That’s been true in many ways.
My work as a public school SLP changed the way I view the world in innumerable ways. It’s helped me understand how other people live—their struggles, their pride, their dreams, and their love. And it’s helped me to care about what reality looks like outside of myself.
4 | I learned that what I do at work is a very small part of me.
It’s become increasingly clear to me lately how important our identities are. Even though I’ve been slowly and quietly pursuing different career paths over the last few years, my primary identity was still that of a public school SLP. My part-time, salary job with my local school district was my main identifier—anything else I did on the side was “extra” or a “hustle.”
As I started exploring what I wanted to do after leaving my school district, I began to wrestle with those age-old questions: Who am I? What am I?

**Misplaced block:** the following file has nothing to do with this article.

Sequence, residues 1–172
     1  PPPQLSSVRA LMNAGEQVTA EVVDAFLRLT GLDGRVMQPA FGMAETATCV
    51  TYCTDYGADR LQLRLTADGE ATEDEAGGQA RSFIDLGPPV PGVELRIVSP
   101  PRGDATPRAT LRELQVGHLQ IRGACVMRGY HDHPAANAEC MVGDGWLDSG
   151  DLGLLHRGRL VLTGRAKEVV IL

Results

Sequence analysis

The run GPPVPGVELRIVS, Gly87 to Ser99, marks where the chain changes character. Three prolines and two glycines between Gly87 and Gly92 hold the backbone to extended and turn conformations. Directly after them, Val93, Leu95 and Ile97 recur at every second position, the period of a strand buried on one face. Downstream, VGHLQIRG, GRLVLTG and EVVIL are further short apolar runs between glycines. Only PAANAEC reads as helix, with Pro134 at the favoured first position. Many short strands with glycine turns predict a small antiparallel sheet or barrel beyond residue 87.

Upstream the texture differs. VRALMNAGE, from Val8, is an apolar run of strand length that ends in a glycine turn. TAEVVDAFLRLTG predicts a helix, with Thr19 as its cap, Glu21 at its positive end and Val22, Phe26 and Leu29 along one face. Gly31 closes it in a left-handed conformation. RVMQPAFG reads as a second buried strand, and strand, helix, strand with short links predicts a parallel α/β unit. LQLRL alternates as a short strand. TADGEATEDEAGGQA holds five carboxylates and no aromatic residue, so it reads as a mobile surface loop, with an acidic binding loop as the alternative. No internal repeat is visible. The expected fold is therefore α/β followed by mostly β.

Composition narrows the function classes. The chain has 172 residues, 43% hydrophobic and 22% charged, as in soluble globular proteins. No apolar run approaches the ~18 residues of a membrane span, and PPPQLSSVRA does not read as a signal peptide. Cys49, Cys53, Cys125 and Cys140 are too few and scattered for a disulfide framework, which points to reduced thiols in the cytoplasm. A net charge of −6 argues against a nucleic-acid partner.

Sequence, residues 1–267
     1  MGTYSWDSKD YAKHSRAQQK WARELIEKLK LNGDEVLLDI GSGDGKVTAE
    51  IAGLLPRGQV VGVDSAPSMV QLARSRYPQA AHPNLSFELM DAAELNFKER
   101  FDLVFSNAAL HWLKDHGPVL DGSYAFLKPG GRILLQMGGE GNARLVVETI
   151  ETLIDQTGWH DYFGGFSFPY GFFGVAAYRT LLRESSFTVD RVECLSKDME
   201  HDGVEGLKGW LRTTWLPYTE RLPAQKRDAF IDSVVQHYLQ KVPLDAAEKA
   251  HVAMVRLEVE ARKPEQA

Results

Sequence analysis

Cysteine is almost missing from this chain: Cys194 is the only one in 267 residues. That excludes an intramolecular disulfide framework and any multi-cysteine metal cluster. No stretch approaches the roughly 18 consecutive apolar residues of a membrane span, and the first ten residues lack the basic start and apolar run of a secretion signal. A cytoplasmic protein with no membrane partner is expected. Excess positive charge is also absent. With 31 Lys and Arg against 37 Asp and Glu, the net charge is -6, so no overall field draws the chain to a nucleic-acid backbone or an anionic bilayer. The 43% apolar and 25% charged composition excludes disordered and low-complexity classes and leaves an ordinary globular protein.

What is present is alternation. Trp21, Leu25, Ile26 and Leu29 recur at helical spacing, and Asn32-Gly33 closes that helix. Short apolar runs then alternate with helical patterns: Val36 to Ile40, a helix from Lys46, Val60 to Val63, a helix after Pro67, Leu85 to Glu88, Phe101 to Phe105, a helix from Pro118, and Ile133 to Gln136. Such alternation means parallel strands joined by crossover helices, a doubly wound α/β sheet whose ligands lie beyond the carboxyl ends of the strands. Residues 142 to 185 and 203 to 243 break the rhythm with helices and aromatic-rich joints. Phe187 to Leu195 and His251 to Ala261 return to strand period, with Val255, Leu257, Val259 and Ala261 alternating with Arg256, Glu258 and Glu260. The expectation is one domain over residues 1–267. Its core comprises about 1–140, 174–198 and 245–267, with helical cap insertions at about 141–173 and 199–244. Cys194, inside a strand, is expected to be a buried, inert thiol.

As I wrestled, I began to tell myself that all of who I am does not have to be reflected in how I make my money.
In fact, it should be.
Yes, I spend a third (or more) of my day working. But that’s not who I am. It’s what I do with my working hours.
And that can change and grow and shift, just as I do. And it’s okay.
5| But I also learned that what I do (no matter what I do) matters.
However much my identity is not my job title, what I do as my job matters.
It matters in the practical ways, such as how I pay my bills and support my family and participate in my hobbies.
But it also matters in ways that can seem more abstract.
What we do and put out in this world makes a difference. When you’re working directly with students in a school, the “making a difference” part seems obvious.
But what if you leave?